Another original character introduced in Netflix's live-action series, Woodcock — nicknamed Woody — is an amazing addition to the cast, with some hilarious lines that bring levity and charm to the cowboys' lives. Played by Carmel McGlone, who's a shining revelation in the role, Woody is an old acquaintance of Jet's. He calls on her for tips on bounties, and she relentlessly flirts with him. Her interactions with Spike are also deliciously funny and let Cho show off his character's charming, debonair attitude.
Woody is not making everyone happy, though. One line from episode 3, "Dog Star Swing," is causing some controversy online (viaIGN). "Sounds to me like blackmail," Jet says, during the episode. "Damn right it is," she replies, "because, Jet, you are Black and you are male." So, yeah, some work needs to be done in the writers' room, but Woodcock still has the potential to become a recurring secondary character and a source of ongoing comedic relief.
Previously known as Anastasia (or just Annie), this "Cowboy Bebop" character was previously the owner of a convenience store. Renamed Ana in the live-action series, she has undergone a definite upgrade for Netflix. Ana is now the owner of a jazz club, and while she's still Spike and Julia's friend, her ties to the Syndicate, and her fate, are very different. In the anime, Annie was friends with Mao and a Syndicate informer. That's how she knew Spike and Julia, and also why she ended up getting killed by the Syndicate after helping Spike and Julia escape their clutches.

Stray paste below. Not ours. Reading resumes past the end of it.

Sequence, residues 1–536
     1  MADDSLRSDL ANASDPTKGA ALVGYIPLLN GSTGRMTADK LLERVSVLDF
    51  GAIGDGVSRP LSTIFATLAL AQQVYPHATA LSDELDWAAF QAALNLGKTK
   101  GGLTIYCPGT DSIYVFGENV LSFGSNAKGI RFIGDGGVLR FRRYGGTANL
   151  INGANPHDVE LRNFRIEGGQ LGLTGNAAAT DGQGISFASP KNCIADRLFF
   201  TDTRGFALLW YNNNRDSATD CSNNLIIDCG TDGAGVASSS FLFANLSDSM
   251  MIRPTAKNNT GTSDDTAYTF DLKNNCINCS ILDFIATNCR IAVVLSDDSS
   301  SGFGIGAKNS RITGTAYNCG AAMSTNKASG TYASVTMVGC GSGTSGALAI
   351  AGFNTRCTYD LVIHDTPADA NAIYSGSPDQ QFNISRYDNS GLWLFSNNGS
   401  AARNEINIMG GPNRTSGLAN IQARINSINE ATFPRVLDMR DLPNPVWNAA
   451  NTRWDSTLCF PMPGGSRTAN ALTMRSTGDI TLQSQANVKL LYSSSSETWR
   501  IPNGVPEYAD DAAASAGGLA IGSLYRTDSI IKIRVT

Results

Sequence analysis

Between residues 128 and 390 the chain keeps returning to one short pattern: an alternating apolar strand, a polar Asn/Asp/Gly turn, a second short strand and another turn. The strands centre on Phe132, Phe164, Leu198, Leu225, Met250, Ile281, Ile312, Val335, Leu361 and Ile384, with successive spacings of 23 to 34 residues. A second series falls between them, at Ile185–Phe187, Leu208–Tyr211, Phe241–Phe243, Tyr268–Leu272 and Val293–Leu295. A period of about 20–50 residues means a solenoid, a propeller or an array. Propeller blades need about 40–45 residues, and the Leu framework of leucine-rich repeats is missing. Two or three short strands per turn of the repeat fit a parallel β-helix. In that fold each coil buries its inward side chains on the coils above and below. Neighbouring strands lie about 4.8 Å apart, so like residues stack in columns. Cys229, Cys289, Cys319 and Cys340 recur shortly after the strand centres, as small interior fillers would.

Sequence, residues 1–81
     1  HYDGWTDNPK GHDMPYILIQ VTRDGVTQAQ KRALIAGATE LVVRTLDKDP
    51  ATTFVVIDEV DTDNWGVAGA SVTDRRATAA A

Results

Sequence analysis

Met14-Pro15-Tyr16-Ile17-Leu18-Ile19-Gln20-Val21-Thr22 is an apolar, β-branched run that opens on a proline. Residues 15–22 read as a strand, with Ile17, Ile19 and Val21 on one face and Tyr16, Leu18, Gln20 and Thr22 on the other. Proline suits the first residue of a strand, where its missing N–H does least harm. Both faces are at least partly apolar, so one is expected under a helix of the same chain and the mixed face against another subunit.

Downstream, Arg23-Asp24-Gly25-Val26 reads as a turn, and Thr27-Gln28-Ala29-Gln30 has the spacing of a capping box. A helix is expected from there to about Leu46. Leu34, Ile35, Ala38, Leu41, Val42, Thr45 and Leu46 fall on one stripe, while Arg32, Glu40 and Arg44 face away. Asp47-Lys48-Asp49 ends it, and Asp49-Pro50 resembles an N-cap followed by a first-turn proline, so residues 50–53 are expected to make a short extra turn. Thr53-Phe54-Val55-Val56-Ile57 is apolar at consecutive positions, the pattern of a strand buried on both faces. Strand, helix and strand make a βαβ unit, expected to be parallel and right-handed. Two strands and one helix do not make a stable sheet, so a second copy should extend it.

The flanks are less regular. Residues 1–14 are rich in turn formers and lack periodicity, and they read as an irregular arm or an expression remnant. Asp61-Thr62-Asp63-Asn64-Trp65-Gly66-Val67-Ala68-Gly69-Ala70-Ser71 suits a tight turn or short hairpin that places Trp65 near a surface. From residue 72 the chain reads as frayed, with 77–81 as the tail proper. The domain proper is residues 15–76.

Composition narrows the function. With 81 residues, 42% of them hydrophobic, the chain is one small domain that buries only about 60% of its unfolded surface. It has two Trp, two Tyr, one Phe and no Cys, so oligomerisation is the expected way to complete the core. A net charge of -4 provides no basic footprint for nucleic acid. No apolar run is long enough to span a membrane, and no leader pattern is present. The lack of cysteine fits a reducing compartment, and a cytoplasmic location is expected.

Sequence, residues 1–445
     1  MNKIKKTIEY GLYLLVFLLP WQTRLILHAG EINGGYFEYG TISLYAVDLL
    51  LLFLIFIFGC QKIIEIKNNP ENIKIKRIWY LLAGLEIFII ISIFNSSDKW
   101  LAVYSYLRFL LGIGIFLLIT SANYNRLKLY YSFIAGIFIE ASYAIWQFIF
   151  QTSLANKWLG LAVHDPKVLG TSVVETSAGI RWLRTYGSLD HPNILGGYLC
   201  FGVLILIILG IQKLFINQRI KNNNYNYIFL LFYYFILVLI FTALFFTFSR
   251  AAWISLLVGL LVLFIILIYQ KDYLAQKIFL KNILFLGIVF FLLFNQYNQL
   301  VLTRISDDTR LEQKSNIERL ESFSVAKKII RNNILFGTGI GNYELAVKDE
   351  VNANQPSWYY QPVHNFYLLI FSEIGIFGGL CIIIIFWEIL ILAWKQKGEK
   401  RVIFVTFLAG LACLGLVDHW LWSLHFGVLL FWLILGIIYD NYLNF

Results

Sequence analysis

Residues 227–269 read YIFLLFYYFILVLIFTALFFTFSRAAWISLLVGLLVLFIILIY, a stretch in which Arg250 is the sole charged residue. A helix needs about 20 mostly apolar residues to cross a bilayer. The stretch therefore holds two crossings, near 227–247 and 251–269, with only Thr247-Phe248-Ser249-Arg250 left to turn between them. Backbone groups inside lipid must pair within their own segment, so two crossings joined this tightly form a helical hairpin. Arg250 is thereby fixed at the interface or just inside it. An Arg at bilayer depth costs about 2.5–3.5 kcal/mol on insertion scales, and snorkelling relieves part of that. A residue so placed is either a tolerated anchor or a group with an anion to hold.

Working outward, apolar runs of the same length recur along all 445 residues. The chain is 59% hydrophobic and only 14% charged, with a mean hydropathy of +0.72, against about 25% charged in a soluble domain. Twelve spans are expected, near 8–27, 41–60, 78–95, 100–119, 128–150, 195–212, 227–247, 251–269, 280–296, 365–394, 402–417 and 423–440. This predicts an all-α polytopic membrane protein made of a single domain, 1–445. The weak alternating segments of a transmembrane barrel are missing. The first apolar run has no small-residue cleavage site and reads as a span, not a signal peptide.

In the live-action show, Ana has a strict policy against working with the Syndicate. Members of the mafia group are still allowed inside the club as patrons, but she refuses to get involved in their criminal schemes — until her headlining singer, Julia, starts dating Vicious and becomes entangled in a love affair with Spike, anyway. Ana is given more screen time on Netflix, and serves as a kind of matriarch to the other characters; she is a strong businesswoman who protects her people, and is an overall cool character.
Gren always had an ambiguous gender identity, though the anime handled the character rather clumsily — it was the 90's, after all. The original Gren was a veteran and a saxophone player who'd grown breasts because of an experimental drug and adopted their new features in a very fluid fashion. It was a weird treatment of queerness, but that didn't stop fans from identifying with Gren as an LGBTQ character.
Netflix decided to make the live-action Gren non-binary, and their backstory was changed as a result. As played by non-binary actor Mason Alexander Park, Gren now acts as front of the house for Ana's club, retaining the character's connection to jazz while making them much more involved in the story. Fleshing out the character not only brings much-needed non-binary representation to TV, but also redeems the anime's ham-fisted treatment of gender identity. Gren has some of the best outfits and funniest lines in the show, making them one of the series' best characters.
The most obvious change to Jet Black's character was made through casting: while the anime version is depicted as white, Netflix cast Mustafa Shakir, a Black man, in the role. Considering that the actor who voiced Jet in the English dub, Beau Billingslea, is Black, the choice makes sense; still, Billingslea made sure to mention that he views Jet as a color-neutral character (via the Washington Post). As mentioned above, Jet's backstory and family situation were also altered, as was his past with the ISSP — in the anime, he was never framed and imprisoned.
Jet's signature beard, as well as his metal arm and cybernetically-enhanced eye, are beautifully rendered in this adaptation — the fake beard is a bit over the top, but it matches with Chalmers' equally extravagant facial hair. Shakir brings the imposing yet fatherly "Cowboy Bebop" character to life very well, and has amazing chemistry with the rest of the cast, making Jet Black the same bounty hunter and pilot fans that anime fans have come to know and love.